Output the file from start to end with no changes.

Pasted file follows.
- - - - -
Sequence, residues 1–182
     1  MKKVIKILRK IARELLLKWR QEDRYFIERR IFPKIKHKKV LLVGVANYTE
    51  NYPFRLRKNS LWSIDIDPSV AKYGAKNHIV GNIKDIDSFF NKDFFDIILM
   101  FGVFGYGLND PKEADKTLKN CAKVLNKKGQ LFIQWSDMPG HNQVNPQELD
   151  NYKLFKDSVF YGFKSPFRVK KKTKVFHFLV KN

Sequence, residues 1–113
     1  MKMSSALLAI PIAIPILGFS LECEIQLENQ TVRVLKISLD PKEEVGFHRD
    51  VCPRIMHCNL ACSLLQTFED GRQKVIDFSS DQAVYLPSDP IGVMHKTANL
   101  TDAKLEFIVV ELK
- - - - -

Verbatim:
Sequence, residues 1–182
     1  MKKVIKILRK IARELLLKWR QEDRYFIERR IFPKIKHKKV LLVGVANYTE
    51  NYPFRLRKNS LWSIDIDPSV AKYGAKNHIV GNIKDIDSFF NKDFFDIILM
   101  FGVFGYGLND PKEADKTLKN CAKVLNKKGQ LFIQWSDMPG HNQVNPQELD
   151  NYKLFKDSVF YGFKSPFRVK KKTKVFHFLV KN

Sequence, residues 1–113
     1  MKMSSALLAI PIAIPILGFS LECEIQLENQ TVRVLKISLD PKEEVGFHRD
    51  VCPRIMHCNL ACSLLQTFED GRQKVIDFSS DQAVYLPSDP IGVMHKTANL
   101  TDAKLEFIVV ELK